Archive for April, 2007

Open Medicine and the Platinum Route to OA

The new OA medical journal, Open Medicine, was launched earlier in this month, and has received some helpful publicity. See, for example, New medical journal to refuse drug industry advertisers, Macleans.ca, April 24, 2007. An excerpt:

The editors note that by putting the onus on the end-user to cover publishing costs, knowledge is often not reaching professionals in poor countries, health care providers who don’t have access through a university, and patients who depend on the research.

Instead, they argue that the costs of publishing medical journals should be built into the grants that fund the research in the first place. “Without dissemination, knowledge cannot truly be said to exist,” they write.

In an item posted by Tom Wilson (Publisher/Editor in Chief, Information Research), on April 19, to the BOAI Forum, on the thread: Re: Independent open-access Canadian medical journal launches, Open Medicine is cited as another case study of the ‘Platinum Route’ to OA. The Platinum Route is “the voluntary, collaborative, no-charge model that is usually overlooked in the debates on OA“. He also provides links to other case studies of the Platinum Route, by Bo-Christer Björk, David J. Solomon and John Willinsky & Ranjini Mendis.

For those who have not yet had an opportunity to look at Open Medicine Vol 1, No 1 (2007), my own opinion is that the journal is off to a very good start. Some examples of its contents:

1) Why Open Medicine? By James Maskalyk, for the Editors of Open Medicine, pp. 1-2. Excerpt:

Information technology is evolving at a blistering pace. To try to keep step with its potential to influence medical science and practice, Open Medicine is hosting a blog on the topic. To manage it, we are using an open-source program (Drupal). So, too, for our manuscript management system (OJS).

2) A systematic review of studies comparing health outcomes in Canada and the United States, by Gordon H. Guyatt and co-authors, pp. 27-36. Excerpt:

Canadian health care has many well-publicized limitations. Nevertheless, it produces health benefits similar, or perhaps superior, to those of the US health system, but at a much lower cost. Canada’s single-payer system for physician and hospital care yields large administrative efficiencies in comparison with the American multi-payer model.

3) The joys and challenges of being an open-access medical journal, by Gavin Yamey (Magazine Editor, PLoS Medicine) and co-authors, pp. 46-48. Excerpt:

“In a world where political correctness obfuscates and public discussions are managed by public-relations firms and paid experts,” said John Hoey, former editor of the CMAJ, “there is a desperate need in medicine for open, plain-spoken discourse.”14

4) Pharmaceutical ethics?, a book review by Jerome P. Kassirer, pp. 58-59. Excerpt:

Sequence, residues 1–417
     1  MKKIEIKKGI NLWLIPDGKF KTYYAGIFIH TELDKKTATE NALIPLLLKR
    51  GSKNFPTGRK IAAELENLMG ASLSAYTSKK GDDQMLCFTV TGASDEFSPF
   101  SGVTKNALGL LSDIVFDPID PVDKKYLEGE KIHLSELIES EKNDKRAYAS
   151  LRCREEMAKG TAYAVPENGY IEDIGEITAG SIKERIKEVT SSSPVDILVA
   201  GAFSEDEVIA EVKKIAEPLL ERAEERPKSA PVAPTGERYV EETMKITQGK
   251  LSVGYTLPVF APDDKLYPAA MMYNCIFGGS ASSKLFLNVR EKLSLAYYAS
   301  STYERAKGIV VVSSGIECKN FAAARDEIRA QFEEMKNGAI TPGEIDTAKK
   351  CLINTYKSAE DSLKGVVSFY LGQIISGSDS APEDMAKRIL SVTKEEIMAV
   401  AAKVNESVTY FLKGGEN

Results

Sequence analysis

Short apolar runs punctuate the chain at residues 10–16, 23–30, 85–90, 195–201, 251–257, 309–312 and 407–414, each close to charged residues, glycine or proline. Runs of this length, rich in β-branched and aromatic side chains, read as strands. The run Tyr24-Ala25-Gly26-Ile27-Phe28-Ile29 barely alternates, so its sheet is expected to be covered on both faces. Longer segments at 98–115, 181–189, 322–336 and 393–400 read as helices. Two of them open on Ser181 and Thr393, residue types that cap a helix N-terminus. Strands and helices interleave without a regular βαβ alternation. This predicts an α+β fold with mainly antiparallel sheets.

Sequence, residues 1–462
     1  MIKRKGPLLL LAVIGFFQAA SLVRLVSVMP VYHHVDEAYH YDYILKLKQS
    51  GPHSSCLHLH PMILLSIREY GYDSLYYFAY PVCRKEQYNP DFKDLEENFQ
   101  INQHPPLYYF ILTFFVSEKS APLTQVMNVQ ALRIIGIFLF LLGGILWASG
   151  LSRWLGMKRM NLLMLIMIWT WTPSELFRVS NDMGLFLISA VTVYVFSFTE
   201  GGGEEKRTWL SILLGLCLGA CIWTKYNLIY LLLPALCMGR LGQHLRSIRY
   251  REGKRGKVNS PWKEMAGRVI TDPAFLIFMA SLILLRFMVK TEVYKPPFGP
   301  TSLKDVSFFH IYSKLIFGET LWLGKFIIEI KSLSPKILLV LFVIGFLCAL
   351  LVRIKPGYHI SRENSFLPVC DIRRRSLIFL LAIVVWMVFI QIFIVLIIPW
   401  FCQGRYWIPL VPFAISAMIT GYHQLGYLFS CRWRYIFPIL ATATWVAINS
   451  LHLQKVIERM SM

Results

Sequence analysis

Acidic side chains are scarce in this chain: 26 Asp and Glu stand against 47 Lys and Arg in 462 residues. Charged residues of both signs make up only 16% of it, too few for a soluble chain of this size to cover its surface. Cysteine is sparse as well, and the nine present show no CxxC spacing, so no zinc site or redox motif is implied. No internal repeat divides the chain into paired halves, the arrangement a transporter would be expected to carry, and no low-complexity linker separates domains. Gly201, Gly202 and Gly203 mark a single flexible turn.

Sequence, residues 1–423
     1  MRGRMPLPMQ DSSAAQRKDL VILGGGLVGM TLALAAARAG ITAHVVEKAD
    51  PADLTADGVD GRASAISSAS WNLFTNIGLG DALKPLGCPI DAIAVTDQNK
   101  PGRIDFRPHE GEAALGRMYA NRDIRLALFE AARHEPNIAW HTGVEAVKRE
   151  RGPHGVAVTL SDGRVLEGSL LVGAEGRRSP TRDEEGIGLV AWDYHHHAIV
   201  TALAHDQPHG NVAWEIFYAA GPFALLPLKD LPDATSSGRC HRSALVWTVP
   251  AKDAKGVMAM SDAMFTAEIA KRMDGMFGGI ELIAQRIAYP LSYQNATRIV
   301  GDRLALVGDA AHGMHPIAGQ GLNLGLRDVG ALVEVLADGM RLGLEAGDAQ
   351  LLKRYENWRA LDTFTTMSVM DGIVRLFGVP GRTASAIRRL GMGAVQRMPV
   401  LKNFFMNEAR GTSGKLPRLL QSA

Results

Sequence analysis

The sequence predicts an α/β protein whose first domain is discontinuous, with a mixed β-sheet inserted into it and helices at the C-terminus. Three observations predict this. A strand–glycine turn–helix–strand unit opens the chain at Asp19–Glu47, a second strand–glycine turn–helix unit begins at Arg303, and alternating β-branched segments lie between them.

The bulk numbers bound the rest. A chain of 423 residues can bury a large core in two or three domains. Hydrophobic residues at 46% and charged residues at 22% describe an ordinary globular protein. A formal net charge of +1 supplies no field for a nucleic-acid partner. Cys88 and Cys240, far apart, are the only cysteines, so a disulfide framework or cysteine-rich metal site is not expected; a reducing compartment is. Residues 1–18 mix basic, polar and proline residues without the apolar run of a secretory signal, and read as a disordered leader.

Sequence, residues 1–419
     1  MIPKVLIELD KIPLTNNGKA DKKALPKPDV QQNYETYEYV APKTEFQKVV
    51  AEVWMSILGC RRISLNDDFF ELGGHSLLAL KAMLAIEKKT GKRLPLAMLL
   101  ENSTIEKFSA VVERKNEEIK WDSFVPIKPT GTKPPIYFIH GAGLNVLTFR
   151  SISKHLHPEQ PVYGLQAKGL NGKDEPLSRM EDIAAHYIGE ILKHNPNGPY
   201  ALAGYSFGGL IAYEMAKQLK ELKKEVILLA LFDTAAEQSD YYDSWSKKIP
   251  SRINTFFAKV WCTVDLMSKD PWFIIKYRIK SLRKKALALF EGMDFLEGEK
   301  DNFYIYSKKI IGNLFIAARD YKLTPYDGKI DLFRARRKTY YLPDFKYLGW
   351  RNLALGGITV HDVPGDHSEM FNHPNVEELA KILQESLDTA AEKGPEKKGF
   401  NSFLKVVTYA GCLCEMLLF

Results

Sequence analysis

Eventually it becomes clear that the sole ethical issue addressed in this book is the disjunction between the profitability of drug companies and the vast health needs of the public; that is, between a profit-seeking corporate culture and societal responsibility.

5) The OM Blog (referred to in the editorial by James Maskalyk, see #1 above) already includes some items posted by the OM blogger, Dean Giustini of the UBC Biomedical Branch Library, Canada. An example is an item, Better outcomes in Canada, half the cost, about the systematic review by Gordon Guyatt and co-authors (see #2 above). The item has elicited some comments (mainly about search terms for the systematic review).

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Google Scholar and free versions of articles

A blog item was posted on March 1, 2007 about a puzzling differences between Google and Google Scholar (GS) in relation to access to a free version of articles. See: Google Scholar & free papers by Brett, Humber College, Toronto.

Excerpt: “Some more evidence of the weirdness is that GS doesn’t seem to know everything that just plain google knows. For example, if I copy the first line of the abstract and search for that in quotes, GS just shrugs its shoulders, while bare bones google serves up the required paper with its usual alacrity“.

Thanks to Matt Hodgkinson for the link to Brett’s blog item.

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A Wiki-based grantmaking strategy

An interesting OA-oriented strategic planning process has been initiated by The David and Lucile Packard Foundation. It has set up a Wiki Site for Nitrogen Strategy Development.

Excerpts:

Our Conservation and Science Program currently awards grants totaling approximately $45 million annually in the areas of coastal conservation, fisheries conservation, climate change, and science. If the Board decides to add an additional nitrogen/agriculture focus, the scale of investment in the new area is likely to be on the order of $5 million to $15 million per year.